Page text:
2013-07-03 02:08:49 PM  

KipperM: ErinPac: Unfortunately, I think some universities encourage this despite privacy laws.  It's just much easier for parents to do this now if they are at all competent with computers, and then some places almost cater to it.

My parents did not have my passwords or info for college logins... however several times they called the advisor's office, who would then change my class schedule at their request (and no they didn't think my father was me).  Also, a couple times I went to university clinic appointments and would be asked for some test or medication change or whatever due to parental inquiry.  It's like they'd never heard of HIPAA.  It really didn't matter if I tried to stop it - they basically said some of the cost was my parent's so too bad, and that I'd been 17 for the first month of school so I was a 'minor student' while I was enrolled (!?!?  I'd have delayed entrance a semester if they'd told me that...).  I eventually transferred - not sure if the lower cost or older age made a difference, or just a different school, but had less problems there.

They can make more money catering to the parents than to the kids generally, so I don't think all the schools care what they are encouraging.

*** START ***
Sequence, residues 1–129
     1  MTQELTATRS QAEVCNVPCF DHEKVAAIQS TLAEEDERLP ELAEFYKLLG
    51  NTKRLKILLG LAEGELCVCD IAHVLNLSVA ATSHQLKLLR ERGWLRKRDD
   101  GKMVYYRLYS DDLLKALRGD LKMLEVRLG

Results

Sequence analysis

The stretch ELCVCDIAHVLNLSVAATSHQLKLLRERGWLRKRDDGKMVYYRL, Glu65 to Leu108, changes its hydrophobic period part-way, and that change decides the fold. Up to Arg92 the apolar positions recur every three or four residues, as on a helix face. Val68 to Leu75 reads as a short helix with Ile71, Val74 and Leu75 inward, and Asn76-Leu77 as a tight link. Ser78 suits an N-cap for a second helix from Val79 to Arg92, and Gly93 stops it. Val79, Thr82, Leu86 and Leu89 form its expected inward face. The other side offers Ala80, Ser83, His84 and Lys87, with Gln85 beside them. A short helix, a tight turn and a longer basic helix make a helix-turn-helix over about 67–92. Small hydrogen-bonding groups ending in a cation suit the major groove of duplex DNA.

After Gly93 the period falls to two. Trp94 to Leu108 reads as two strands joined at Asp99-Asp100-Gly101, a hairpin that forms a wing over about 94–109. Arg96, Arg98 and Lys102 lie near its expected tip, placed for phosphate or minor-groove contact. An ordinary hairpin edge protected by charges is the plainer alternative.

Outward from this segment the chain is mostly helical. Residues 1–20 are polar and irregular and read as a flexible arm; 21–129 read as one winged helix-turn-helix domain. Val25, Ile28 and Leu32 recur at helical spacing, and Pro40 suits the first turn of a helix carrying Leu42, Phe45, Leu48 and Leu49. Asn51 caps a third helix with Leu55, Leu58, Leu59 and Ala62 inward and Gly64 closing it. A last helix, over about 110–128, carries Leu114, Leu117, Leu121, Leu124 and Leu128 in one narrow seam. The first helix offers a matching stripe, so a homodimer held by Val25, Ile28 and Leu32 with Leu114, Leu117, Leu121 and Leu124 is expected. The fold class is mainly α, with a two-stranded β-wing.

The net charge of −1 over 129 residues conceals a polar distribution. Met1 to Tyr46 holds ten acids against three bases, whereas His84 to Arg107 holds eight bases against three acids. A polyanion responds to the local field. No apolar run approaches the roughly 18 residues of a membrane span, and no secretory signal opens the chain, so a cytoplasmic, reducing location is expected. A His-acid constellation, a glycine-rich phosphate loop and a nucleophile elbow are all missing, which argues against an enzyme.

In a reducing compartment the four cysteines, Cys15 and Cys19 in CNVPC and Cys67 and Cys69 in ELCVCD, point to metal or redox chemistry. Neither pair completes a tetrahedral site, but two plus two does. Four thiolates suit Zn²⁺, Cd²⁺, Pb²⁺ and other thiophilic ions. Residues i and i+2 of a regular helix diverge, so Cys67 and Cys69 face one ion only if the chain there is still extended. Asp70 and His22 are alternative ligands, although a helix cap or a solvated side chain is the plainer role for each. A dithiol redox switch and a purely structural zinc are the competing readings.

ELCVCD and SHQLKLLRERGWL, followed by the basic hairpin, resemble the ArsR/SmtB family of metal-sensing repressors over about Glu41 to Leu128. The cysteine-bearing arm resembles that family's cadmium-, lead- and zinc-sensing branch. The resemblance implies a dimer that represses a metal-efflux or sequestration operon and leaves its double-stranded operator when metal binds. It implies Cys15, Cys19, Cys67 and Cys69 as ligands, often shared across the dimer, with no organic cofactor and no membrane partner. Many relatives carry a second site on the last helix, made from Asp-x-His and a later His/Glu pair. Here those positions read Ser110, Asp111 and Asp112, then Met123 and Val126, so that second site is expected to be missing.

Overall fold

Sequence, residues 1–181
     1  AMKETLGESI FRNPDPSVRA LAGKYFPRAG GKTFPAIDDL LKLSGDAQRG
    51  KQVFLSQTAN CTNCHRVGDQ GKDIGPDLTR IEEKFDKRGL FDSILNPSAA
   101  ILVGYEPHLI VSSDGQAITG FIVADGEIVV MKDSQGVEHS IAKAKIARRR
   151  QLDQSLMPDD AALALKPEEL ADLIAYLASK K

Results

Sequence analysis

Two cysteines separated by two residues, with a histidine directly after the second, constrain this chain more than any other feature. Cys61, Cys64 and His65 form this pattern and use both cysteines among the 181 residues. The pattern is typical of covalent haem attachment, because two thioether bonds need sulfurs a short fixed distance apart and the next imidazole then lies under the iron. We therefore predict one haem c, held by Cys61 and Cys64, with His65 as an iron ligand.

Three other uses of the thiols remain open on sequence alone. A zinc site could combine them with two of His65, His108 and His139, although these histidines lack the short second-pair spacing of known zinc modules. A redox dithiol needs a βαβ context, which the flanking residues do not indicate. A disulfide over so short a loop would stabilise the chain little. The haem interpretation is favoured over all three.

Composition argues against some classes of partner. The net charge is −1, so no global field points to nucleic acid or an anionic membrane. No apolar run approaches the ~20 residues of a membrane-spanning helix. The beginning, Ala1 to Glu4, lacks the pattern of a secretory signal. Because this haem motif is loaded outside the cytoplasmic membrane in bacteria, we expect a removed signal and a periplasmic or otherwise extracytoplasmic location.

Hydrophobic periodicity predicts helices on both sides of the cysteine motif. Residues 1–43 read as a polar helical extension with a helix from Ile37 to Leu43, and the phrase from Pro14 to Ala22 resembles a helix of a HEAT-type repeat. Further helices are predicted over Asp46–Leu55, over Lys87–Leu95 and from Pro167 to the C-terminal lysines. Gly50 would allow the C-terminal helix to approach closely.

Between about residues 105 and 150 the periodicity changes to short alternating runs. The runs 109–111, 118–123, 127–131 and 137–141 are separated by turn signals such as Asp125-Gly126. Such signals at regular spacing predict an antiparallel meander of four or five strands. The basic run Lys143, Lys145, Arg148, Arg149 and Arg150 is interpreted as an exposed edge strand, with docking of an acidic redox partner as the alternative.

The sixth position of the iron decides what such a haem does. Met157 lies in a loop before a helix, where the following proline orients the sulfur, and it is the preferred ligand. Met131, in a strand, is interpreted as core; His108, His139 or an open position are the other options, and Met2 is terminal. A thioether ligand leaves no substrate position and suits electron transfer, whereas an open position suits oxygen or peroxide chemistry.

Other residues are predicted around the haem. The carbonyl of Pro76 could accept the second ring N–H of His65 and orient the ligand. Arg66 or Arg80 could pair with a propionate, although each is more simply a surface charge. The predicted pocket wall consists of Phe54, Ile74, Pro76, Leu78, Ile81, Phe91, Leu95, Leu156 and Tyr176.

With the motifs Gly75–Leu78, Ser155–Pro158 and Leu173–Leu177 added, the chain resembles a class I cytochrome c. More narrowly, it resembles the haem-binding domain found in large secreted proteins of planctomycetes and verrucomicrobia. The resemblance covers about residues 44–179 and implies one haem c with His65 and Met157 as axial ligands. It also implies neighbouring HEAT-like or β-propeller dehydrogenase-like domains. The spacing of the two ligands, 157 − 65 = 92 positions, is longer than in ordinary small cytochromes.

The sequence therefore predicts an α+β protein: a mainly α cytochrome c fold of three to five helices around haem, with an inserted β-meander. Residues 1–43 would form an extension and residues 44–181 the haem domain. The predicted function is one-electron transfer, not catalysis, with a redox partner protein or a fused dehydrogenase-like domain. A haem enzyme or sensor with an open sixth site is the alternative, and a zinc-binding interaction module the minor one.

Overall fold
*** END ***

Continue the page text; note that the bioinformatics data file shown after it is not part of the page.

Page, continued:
Hey, if I am a parent paying $20k-$40k/yr in tuition, then you better get it damn straight that I am the customer and that I get a say in where my hard earned $$$$$ is spent.  You are insane if you want me to hand you thousands of dollars and walk away.   If I hire a contractor to put a roof, the contractor doesn't go to the roof and ask it what color it would like to be and if it would like solar panels.  No, the contract hammers out the details with me and then goes and does exactly what we agreed to.  End of story.

Now, if the student is paying the tuition, then of course they can go work out the farking details themselves.


It's odd that people actually think like that.  See, the parent isn't paying for tuition.  The parent is giving their child that money, and then the child is paying for tuition.  That's why it is called parental assistance or parental contribution.  Since it is the student's responsibility to pay tuition, it is through the student that the tuition must be paid. And because it is the students responsibility to learn, it is through the student that the parent should demand quality.

It's like hiring a contractor (student) to rebuild your roof (get a college education).  You can demand from the contractor (student) find the appropriate workers (college), lay out a plan (get the right classes), acquire the appropriate tools (get books, supplies), and actually show up to work (attend classes and studies).  But if your roof is poorly built (college education is poor), it's not the fault of the workers (college), tools (books), plan (classes), or anything else; it's the fault of the contractor (student).  Remember, you're not paying the workers (college) to do the job, you're paying the contractor (student) to ensure the job (education) is done well.
 
2013-07-03 03:19:03 PM  
mgshamster: